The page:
Keeping Your Small Business Afloat in Tough Times
By Linda Smith, freelance writer

Have you heard the news? Economically speaking, it’s tough out there! But we all knew that. The small business sector suffers just the same as Big Business, so what to do? Stick to the basics and do what you do best.

First things first: be sure you know your business:

• Have a dream and passion for the business that you chose.
• Have determination to make the business work. Show up every day and be the poster child for hope.
• Give great customer service. Even if your business has slowed down, the very fact that you are still in business means that someone is paying for your business’ products and services, and these customers and clients deserve your attention.
• Offer added value. Go beyond just being in business, make your business different by giving the customer more than they expect. Instead of merely selling your product or service, engage the consumer in a conversation about his or her needs and wants, and how your product or service can meet or fulfill that. In 2010, pure sales won’t be enough. Added value will be key.
To weather the economic storm, you might think about:
• Checking and double-checking your current business plan. Bring up-to-date your stated vision and mission statement; determine if you are on target.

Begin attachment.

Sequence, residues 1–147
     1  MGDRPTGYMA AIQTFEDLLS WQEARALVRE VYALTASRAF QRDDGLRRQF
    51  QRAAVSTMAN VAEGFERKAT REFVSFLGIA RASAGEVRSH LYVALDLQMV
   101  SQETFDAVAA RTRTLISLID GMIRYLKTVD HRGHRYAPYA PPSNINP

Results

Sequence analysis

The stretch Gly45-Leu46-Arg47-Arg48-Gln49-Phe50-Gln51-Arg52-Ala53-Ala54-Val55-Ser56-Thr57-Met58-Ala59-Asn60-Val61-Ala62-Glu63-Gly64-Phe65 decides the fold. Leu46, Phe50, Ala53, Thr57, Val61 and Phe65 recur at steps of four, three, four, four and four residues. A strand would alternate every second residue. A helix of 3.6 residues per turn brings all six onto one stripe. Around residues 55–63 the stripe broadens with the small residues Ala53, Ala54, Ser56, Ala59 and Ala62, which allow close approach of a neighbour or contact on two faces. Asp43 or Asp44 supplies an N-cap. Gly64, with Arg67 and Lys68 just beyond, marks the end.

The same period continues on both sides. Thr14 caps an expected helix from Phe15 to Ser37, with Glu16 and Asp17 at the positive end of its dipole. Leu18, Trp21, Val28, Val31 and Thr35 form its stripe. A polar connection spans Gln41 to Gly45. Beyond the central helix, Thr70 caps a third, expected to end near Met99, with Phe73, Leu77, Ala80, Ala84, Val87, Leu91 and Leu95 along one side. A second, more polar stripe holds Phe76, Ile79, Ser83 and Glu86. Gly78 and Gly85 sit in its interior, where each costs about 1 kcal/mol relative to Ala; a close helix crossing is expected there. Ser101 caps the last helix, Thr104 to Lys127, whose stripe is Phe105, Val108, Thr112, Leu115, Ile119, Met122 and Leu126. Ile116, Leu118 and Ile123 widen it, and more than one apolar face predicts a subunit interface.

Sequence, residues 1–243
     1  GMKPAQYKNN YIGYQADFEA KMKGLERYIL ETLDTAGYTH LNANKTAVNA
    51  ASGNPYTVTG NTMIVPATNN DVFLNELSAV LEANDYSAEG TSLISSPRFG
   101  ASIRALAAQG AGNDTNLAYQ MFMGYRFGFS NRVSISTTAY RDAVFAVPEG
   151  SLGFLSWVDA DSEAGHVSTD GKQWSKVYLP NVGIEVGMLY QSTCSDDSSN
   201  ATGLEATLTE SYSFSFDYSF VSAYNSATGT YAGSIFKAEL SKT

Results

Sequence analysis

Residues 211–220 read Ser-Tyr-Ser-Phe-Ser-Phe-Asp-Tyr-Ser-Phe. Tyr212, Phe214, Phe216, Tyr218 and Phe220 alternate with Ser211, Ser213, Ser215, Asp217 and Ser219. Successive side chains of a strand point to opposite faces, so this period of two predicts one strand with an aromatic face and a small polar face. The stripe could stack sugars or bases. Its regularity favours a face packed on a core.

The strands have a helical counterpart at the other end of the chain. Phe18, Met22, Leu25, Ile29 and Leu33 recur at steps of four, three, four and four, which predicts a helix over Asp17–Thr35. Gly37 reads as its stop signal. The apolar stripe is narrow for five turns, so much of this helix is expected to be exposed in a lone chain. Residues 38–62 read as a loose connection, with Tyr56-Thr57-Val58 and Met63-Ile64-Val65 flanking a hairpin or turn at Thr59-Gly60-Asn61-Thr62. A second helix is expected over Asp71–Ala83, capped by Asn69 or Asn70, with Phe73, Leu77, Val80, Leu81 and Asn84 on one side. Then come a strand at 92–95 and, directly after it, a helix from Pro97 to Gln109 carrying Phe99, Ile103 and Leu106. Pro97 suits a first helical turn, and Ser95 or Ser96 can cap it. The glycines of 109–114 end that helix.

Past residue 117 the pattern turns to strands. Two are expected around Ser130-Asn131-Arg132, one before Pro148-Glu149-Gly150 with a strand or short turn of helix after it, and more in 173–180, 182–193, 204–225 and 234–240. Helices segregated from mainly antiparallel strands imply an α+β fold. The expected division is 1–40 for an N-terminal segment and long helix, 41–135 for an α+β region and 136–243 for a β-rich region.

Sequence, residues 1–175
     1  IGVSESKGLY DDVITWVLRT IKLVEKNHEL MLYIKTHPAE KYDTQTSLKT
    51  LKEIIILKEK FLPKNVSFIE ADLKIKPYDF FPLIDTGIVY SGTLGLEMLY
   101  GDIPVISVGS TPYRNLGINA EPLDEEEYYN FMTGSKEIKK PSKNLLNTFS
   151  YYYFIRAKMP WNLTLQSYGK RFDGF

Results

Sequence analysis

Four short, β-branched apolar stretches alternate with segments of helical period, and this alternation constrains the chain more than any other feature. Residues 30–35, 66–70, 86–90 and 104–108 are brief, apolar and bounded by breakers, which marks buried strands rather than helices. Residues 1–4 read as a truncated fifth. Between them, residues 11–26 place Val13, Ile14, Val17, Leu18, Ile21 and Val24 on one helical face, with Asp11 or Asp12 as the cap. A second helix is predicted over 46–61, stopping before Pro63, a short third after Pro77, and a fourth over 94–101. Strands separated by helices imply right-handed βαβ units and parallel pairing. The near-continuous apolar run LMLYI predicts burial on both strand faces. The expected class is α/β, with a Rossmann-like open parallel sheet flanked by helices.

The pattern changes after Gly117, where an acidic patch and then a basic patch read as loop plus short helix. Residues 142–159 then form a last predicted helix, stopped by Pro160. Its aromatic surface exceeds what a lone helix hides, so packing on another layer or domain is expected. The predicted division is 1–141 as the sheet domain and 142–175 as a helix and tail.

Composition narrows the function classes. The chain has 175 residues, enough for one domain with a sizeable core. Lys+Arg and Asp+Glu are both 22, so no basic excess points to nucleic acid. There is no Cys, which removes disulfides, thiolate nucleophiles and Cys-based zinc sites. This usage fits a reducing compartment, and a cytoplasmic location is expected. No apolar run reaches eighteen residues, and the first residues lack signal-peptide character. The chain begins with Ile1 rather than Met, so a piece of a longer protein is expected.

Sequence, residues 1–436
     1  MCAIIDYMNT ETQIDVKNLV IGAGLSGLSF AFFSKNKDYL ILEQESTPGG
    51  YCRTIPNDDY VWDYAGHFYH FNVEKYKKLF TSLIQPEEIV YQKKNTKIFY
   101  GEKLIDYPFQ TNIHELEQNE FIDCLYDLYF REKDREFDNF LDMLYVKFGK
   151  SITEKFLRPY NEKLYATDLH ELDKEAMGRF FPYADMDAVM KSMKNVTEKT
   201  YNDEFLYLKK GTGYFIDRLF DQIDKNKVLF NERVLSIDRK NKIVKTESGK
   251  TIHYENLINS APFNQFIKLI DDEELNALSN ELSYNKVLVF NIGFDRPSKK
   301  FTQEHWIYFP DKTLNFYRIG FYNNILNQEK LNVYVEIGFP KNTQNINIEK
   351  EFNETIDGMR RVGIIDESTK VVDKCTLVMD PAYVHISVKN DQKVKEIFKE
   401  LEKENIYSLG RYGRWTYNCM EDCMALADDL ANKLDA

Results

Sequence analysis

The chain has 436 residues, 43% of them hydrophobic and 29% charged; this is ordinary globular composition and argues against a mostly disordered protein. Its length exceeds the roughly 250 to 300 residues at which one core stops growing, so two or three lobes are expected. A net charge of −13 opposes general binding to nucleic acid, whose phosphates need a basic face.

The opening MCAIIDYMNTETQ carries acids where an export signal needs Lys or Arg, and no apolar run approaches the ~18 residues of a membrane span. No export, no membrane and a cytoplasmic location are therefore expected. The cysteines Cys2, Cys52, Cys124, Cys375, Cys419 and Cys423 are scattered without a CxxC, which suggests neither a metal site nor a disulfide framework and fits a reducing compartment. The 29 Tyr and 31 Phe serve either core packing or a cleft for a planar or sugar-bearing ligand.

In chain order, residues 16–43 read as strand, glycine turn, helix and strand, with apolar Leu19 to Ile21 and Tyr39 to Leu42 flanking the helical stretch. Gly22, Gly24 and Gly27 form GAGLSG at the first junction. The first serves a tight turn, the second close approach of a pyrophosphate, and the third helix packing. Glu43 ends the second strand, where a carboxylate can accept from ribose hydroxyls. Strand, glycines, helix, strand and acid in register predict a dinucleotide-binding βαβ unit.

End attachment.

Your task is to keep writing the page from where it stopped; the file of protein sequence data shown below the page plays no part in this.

• Checking and double-checking your current business strategies: Are you in the correct marketplace for your products or services? Are you actively and effectively reaching your desired customer-base? Are you sure you’ve correctly identified your customer base and know how to communicate with them?
• Keeping your products and services clean, polished, and ready to deliver. Be proud to represent the products and services you have in your current inventory. • Contacting your customers: Have you shown your current customers that you appreciate their business? It is not just a cliché that "happy customers bring referrals," it is a truism; satisfied and happy customers will often be a good source for new customers. Have you asked your customers for referrals?
This is not to say that you oughtn’t try anything new during an economic downturn; to the contrary, one thing you could do is experiment with new ways of communicating with your customers, and find new ways of finding customers. If you aren’t already, make Internet marketing a part of your strategic communication and marketing plan. You don’t have to get complicated to start, begin small:
• Build a Web page or do a little Web page redesign and clean-up.
• Tout your business on a few top social media sites like Twitter, Facebook, and LinkedIn.
• Direct people to your website by writing articles.
• Anything new or improved you do, write and submit a press release about it.
• Start a blog, either as a part of your business Web page, or independently (and point it back to your business Web page).
• If appropriate for your business: (1) have classified and display ads in your local newspaper and regional magazines; (2) run radio and/or television spots; (3) arrange speaking engagements for yourself at local groups who might be interested in your area of expertise; and (4) leave your business card everywhere and with everyone.
It might be rocky sailing right now and difficult to stay afloat, but just keep doing what is working and use the present climate as a time for continuous improvement..

---Source: DMA Marketing Brief B2C Edition Jan. 27, 2010 ( Linda Smith is a home-based business owner, artist, and writer. Visit her blog at

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